Scientists in Western Australia have found a piece of zircon that dates from 4.4 billion years ago. The tiny sliver is the “oldest piece of earth” ever found.
The scientists involved in the research wrote in Nature Geoscience that this piece of zircon formed in the crust of Earth shortly (geologically speaking) after the crust itself had formed.
Earth formed 4.5 billion years ago but was a molten ball of rock for the first part of its early history. Minerals like zircon couldn't form until the crust was formed, and life certainly couldn't exist. The planet was so inhabitable that geologist Preston Cloud coined the term "Hadean" to name the period after Hades, the Greek god of the underworld.
The tiny piece of zircon suggests that the Earth’s crust may have formed earlier than previously thought, possibly just 160 million years after the solar system itself formed.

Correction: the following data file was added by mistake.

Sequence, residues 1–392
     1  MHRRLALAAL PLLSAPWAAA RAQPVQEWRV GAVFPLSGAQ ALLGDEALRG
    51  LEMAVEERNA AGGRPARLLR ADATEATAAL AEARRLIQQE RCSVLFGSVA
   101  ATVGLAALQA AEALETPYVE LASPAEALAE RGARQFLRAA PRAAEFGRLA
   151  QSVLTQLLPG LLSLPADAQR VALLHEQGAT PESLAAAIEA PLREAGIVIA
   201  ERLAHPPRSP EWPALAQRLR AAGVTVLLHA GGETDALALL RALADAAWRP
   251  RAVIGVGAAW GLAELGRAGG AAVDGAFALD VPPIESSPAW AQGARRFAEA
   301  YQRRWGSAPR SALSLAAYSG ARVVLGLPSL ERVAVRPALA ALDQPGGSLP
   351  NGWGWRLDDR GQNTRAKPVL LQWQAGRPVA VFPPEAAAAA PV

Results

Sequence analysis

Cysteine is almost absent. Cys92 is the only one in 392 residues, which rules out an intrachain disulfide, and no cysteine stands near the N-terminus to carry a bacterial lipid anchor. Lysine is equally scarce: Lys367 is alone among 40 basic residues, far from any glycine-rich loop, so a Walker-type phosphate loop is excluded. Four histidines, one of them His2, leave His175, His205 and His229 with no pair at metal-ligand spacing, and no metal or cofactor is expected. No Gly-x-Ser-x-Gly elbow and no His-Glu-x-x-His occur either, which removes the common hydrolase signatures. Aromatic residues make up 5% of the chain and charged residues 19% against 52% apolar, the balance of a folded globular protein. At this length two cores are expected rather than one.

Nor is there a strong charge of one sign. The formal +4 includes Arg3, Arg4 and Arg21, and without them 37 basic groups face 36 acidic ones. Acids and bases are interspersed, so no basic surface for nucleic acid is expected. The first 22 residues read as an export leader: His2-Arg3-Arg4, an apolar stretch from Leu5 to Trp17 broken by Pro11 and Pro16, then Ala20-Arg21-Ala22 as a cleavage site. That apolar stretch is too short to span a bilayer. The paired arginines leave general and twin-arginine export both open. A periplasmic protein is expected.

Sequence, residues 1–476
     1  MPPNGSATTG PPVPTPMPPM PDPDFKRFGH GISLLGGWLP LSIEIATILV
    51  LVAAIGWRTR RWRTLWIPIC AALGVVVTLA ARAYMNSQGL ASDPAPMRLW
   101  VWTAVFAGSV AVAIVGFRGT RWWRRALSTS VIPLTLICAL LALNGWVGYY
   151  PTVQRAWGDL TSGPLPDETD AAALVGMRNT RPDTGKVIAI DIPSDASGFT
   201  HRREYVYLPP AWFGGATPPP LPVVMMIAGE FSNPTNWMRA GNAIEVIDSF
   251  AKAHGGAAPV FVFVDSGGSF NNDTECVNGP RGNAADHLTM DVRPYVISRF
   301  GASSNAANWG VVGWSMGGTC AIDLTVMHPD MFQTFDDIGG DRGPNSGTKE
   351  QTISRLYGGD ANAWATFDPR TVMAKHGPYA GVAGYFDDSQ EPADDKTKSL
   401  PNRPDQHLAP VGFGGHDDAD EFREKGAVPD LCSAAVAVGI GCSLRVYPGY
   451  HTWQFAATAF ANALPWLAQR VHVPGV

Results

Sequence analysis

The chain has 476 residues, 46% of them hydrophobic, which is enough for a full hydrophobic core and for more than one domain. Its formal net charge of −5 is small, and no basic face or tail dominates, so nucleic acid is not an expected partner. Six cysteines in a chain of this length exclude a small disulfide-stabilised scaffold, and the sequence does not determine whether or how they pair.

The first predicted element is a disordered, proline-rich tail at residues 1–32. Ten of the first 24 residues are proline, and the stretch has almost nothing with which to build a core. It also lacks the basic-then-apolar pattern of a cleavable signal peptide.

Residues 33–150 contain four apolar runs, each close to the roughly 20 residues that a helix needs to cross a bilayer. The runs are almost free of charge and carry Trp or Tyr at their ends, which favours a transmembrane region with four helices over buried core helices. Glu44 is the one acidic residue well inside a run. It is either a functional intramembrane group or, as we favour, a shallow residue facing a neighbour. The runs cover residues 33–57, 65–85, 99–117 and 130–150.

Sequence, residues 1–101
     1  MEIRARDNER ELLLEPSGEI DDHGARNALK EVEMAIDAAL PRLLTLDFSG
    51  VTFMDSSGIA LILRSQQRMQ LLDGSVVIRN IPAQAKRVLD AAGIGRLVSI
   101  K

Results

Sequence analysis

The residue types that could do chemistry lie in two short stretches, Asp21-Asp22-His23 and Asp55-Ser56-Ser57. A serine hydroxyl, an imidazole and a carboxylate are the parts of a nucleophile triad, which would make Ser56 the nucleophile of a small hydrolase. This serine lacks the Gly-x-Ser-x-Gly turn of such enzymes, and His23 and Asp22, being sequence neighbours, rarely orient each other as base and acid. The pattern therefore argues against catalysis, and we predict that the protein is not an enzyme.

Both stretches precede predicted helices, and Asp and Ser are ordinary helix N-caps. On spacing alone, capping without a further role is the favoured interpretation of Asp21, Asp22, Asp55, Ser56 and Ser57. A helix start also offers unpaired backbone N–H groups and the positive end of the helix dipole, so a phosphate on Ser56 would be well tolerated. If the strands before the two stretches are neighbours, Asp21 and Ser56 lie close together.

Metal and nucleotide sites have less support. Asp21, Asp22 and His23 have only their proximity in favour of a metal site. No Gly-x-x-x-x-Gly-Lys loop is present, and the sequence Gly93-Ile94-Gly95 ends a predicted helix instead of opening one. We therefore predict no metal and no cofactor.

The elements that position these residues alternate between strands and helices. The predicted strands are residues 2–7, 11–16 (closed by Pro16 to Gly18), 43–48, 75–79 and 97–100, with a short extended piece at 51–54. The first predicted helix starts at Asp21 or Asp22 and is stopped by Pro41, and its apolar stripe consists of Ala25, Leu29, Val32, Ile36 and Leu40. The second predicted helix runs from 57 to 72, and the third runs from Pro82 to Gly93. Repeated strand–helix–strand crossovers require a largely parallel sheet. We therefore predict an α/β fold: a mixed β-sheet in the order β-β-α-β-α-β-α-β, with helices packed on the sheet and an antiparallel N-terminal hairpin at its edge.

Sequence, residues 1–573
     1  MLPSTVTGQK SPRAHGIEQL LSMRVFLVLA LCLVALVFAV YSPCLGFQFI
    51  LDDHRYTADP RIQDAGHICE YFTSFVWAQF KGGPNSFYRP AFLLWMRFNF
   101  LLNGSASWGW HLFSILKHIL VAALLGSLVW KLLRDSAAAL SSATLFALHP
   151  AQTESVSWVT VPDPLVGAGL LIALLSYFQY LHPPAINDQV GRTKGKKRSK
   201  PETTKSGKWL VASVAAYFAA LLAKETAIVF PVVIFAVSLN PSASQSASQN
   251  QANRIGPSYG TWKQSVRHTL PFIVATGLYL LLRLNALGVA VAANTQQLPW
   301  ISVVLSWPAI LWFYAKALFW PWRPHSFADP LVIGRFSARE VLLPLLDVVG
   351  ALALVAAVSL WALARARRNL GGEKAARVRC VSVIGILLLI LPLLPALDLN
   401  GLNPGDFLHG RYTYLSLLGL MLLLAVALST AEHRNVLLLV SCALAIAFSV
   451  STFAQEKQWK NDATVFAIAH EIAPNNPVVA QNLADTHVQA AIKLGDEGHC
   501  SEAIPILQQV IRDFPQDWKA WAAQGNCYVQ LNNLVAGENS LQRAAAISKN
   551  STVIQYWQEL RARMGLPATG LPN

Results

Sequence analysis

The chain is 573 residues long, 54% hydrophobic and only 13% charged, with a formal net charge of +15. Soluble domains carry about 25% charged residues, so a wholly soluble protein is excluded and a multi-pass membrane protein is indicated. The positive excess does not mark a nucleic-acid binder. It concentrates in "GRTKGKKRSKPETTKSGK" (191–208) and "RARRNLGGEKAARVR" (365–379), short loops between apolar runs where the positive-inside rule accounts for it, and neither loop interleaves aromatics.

Zircon is known as “the most reliable natural chronometer” available to look at early Earth history. It contains uranium, which allows scientists to date it relatively precisely. Scientists used two different dating techniques to verify that this sliver of Zircon is in fact only about 100 million years younger than the Earth itself.
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John Valley of The University of Wisconsin says that suggests life could have formed earlier too, as "we have no evidence that life existed then. We have no evidence that it didn't, but there is no reason why life could not have existed on Earth 4.3 billion years ago."
The piece of zircon is only about 200 by 400 microns, or twice the diameter of a human hair. Scientists are used to examining pieces of zircon that small, especially from the area in Western Australia where it was found. The Jack Hills region is known for its exceptionally old zircon.